Now I was family, I reminded myself; now I had responsibilities. But what did that mean exactly? Back in the States, I’d been able to translate such feelings into politics, organizing, a certain self-denial. In Kenya, these strategies seemed hopelessly abstract, even self-indulgent. A commitment to black empowerment couldn’t help find Bernard a job. A faith in participatory democracy couldn’t buy Jane a new set of sheets. For the first time in my life, I found myself thinking deeply about money: my own lack of it, the pursuit of it, the crude but undeniable peace it could buy. A part of me wished I could live up to the image that my new relatives imagined for me: a corporate lawyer, an American businessman, my hand poised on the spigot, ready to rain down like manna the largesse of the Western world.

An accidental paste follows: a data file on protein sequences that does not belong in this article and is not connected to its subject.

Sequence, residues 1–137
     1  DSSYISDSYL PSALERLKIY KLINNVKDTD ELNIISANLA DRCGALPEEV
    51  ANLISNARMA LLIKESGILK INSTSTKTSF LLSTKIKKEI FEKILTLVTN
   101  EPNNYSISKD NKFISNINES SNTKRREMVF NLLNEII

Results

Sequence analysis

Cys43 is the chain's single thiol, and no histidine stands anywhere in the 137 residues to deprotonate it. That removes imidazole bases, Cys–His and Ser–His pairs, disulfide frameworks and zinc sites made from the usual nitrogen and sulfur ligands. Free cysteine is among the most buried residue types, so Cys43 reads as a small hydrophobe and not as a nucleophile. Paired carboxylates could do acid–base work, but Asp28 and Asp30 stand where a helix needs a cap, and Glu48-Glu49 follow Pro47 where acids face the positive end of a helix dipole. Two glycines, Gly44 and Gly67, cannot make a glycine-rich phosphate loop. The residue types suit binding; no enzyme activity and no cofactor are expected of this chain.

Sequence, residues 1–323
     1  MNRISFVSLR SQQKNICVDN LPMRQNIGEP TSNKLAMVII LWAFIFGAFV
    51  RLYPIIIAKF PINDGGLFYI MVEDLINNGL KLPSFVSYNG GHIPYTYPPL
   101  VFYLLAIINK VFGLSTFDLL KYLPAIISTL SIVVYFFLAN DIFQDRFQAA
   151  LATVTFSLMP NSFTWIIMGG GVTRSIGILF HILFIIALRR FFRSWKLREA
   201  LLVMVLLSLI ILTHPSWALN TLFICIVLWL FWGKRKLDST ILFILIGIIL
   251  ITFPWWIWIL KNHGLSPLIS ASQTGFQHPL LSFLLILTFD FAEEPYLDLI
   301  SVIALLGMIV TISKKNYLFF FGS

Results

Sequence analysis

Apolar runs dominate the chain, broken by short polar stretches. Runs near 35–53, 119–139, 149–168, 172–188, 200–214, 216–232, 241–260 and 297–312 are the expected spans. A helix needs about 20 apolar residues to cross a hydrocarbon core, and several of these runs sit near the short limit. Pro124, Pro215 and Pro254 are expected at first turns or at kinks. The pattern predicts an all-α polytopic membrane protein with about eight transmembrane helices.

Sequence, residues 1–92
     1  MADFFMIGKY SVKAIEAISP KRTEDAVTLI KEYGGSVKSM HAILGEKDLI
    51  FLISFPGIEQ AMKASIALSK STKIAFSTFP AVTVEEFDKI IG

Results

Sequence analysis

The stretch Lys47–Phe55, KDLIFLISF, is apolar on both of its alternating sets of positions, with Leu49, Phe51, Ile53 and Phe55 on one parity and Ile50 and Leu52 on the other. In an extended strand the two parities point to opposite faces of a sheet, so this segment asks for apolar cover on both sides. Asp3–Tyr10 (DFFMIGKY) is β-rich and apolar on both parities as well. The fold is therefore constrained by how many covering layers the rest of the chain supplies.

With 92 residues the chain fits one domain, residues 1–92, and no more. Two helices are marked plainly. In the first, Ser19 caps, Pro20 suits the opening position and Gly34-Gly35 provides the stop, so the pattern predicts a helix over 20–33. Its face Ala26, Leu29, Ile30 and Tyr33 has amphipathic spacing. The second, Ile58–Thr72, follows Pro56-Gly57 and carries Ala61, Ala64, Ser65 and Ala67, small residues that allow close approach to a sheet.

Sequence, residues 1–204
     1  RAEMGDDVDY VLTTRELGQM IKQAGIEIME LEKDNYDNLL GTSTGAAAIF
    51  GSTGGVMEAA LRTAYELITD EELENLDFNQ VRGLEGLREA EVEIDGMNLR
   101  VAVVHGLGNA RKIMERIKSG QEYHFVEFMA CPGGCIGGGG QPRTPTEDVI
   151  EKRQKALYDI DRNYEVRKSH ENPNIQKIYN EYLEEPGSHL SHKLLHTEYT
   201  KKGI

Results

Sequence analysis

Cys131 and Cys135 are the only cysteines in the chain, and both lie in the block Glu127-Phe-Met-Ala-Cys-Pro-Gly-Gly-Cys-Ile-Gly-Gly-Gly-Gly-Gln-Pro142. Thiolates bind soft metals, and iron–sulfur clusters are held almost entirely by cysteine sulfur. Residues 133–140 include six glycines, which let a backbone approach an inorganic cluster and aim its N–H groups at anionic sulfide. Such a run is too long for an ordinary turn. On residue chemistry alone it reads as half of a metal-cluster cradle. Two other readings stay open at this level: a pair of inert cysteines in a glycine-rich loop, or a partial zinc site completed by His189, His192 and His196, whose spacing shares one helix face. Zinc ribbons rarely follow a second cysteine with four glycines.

But of course I wasn’t either of those things. Even in the States, wealth involved trade-offs for those who weren’t born to it, the same sorts of trade-offs that I could see Auma now making as she tried, in her own way, to fulfill the family’s expectations. She was working two jobs that summer, teaching German classes to Kenyan businessmen along with her job at the university. With the money she saved, she wanted not only to fix up Granny’s house in Alego but also to buy a bit of land around Nairobi, something that would appreciate in value, a base from which to build. She had plans, schedules, budgets, and deadlines-all the things she’d learned were required to negotiate a modern world. The problem was that her schedules also meant begging off from family affairs; her budgets meant saying no to the constant requests for money that came her way. And when this happened-when she insisted on going home before Jane served dinner because things had started two hours late, or when she refused to let eight people pile into her VW because it was designed for four and they would tear up the seats-the looks of unspoken hurt, barely distinguishable from resentment, would flash across the room. Her restlessness, her independence, her constant willingness to project into the future-all of this struck the family as unnatural somehow. Unnatural…and unAfrican.